Hamburg, Germany; London; Šibenik, Croatia
Mato Perić is an entrepreneur who invests in various technology-focused companies, from Europe to India to Brazil to Singapore to the United Arab Emirates and beyond. Companies within the portfolio, which spans 35 countries, have collectively raised over $5 billion in capital. After studying business administration at the University of Hamburg, he completed his M.B.A. at the London Business School. He still splits his time between London and Hamburg, as well as Šibenik, Croatia, the country his family emigrated from to Germany in the 1970s.
As an art collector and patron, Perić has made sure to maintain those ties to Croatia, having supported the Croatian Pavilion at the 2022 Venice Biennale. Curated by Elena Filipović, the director and chief curator of the Kunsthalle Basel, the exhibition presented a project by Tomo Savić-Gecan, but unlike a traditional national pavilion in Venice, this iteration did not have one physical location in the Floating City. Instead, the project infiltrated other national pavilions by way of readings of stories from international newspapers that had been compiled and generated by an AI algorithm. “The way the project speaks of our time about surveillance, the presence of the news media, the dissolution of national boundaries felt spot on,” Perić told ARTnews in an email interview. He’s also supported the Chisenhale Gallery in London and the CCA Berlin – Center for Contemporary Arts.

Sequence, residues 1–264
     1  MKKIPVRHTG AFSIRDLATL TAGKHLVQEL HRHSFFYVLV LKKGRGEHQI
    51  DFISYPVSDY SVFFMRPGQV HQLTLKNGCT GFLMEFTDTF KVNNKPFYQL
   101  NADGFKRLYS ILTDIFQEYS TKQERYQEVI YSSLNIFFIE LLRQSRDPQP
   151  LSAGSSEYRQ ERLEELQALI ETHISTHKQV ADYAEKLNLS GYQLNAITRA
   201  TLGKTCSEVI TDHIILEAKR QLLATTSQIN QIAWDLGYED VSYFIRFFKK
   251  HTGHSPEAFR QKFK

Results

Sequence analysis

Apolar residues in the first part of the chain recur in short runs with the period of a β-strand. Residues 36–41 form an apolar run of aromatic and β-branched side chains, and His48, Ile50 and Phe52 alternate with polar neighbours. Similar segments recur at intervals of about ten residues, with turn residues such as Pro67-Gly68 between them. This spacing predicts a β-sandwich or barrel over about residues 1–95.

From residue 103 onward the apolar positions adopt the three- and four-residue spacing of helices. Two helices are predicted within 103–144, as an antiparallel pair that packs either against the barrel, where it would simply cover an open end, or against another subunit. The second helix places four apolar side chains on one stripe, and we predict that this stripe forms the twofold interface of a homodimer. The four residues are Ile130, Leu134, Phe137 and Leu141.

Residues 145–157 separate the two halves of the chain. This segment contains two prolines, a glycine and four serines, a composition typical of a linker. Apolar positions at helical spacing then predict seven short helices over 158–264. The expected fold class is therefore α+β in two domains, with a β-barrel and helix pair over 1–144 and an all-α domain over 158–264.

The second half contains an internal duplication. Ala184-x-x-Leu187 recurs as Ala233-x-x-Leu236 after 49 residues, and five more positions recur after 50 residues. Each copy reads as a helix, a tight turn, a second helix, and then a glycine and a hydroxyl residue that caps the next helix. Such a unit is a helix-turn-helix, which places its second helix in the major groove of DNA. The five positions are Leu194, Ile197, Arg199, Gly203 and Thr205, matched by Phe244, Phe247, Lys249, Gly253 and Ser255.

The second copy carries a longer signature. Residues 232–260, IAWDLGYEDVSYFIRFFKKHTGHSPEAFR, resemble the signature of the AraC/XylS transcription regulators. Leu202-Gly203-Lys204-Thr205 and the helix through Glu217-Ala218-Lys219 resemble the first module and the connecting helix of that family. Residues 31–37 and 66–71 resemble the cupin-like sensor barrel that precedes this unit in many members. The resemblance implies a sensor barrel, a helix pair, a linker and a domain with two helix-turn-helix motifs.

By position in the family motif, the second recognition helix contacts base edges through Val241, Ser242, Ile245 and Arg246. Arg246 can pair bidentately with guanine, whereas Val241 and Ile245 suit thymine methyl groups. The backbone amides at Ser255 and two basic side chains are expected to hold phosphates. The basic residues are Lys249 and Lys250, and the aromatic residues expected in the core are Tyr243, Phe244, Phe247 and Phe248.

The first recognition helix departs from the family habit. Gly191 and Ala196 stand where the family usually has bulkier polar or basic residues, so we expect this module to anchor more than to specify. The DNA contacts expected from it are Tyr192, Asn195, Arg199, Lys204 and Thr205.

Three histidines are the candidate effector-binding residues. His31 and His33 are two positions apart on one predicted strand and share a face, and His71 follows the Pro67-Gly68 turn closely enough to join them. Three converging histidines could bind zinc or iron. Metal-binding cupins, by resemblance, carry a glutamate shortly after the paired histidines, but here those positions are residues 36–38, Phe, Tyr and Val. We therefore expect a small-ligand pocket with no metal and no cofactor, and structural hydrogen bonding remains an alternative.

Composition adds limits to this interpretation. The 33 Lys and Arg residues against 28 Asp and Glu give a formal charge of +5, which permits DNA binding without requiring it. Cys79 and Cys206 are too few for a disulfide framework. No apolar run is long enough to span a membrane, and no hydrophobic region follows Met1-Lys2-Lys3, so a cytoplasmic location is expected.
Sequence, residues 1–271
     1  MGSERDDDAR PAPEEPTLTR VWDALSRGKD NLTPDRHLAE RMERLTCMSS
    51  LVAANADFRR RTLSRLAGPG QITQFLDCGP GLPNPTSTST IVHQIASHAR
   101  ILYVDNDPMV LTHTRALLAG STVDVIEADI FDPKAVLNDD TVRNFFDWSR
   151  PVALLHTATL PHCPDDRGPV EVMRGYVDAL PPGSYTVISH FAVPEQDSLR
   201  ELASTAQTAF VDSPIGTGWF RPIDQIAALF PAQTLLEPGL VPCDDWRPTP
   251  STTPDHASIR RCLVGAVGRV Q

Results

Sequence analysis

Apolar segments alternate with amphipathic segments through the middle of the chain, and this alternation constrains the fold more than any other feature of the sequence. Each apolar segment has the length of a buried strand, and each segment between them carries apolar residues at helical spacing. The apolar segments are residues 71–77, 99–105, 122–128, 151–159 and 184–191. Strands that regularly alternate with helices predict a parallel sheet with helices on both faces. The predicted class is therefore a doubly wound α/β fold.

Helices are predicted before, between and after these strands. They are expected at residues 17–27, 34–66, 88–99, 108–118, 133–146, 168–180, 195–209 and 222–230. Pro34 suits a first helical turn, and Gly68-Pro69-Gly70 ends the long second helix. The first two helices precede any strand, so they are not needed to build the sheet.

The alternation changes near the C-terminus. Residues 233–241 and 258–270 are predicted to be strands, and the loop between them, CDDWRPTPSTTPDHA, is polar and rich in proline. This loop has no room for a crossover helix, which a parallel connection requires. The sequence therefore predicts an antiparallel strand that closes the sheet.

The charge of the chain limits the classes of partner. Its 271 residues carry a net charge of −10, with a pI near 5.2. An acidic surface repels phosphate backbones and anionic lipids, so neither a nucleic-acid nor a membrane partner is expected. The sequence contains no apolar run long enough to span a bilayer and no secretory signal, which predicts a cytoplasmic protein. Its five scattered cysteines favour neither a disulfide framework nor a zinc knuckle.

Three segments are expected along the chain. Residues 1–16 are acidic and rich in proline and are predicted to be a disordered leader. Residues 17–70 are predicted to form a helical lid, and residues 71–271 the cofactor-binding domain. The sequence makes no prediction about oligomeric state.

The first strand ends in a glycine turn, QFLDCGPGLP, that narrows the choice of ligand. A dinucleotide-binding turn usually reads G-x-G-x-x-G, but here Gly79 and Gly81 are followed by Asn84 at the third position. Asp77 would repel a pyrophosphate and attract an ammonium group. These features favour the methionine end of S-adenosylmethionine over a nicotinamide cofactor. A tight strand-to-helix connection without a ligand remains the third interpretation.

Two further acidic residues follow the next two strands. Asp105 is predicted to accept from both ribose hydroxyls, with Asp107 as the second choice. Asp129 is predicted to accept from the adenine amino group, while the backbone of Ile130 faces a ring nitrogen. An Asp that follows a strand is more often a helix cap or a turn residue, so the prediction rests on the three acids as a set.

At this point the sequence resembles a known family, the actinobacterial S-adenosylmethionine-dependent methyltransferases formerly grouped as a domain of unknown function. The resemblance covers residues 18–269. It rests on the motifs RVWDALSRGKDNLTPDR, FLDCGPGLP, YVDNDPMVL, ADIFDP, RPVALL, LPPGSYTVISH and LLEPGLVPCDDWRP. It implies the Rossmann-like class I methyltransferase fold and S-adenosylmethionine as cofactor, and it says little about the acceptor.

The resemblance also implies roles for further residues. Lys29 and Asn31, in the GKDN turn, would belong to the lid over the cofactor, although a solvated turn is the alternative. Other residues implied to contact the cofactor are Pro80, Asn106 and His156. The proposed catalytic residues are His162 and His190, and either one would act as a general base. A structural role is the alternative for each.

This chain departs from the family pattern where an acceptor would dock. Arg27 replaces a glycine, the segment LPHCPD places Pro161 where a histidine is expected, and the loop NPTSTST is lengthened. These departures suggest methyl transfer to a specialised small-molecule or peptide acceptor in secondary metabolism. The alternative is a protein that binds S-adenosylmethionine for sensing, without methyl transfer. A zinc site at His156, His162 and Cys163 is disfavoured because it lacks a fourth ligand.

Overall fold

On the collecting front, Perić has scooped up works by the likes of Cory Arcangel, Cosima von Bonin, Jana Euler, Jacqueline Humphries, Denzil Forrester, Louise Lawler, Tobias Spichtig, and the late Michel Majerus, who died in 2002 at age 35 in a plane crash. Majerus will be the subject of a major survey, his first in the United States, at the Institute of Contemporary Art, Miami, timed to open with the 2022 edition of Art Basel Miami Beach; Perić is lending the 15-panel painting overdose (1997) to the exhibition. His collection features a range of emerging artists, well-regarded mid-career artists, and an emphasis on “a trailblazing generation of female painters whose work continue to shift the paradigm around painting,” he said.
His collection focuses on what he calls “popular conceptual”: artists who “think responsively about art-making, using its history as a departure point for critical conversations about popular culture that can engage with the viewer on a multitude of levels,” he said, adding that he doesn’t see himself as “a collector that ‘caught the bug’ and because of this kept on adding works. Instead, with my first art acquisition I deliberately embarked on a journey, with the objective to create something meaningful that has a lasting positive impact, and collecting offers a wide range of options for having impact.”